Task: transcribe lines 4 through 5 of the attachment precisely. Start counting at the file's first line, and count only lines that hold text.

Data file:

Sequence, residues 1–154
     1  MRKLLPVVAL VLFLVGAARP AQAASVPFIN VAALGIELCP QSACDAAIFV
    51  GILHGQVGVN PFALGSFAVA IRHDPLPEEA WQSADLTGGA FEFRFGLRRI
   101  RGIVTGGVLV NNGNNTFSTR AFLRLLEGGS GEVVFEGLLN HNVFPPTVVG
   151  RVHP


   101  RGIVTGGVLV NNGNNTFSTR AFLRLLEGGS GEVVFEGLLN HNVFPPTVVG
   151  RVHP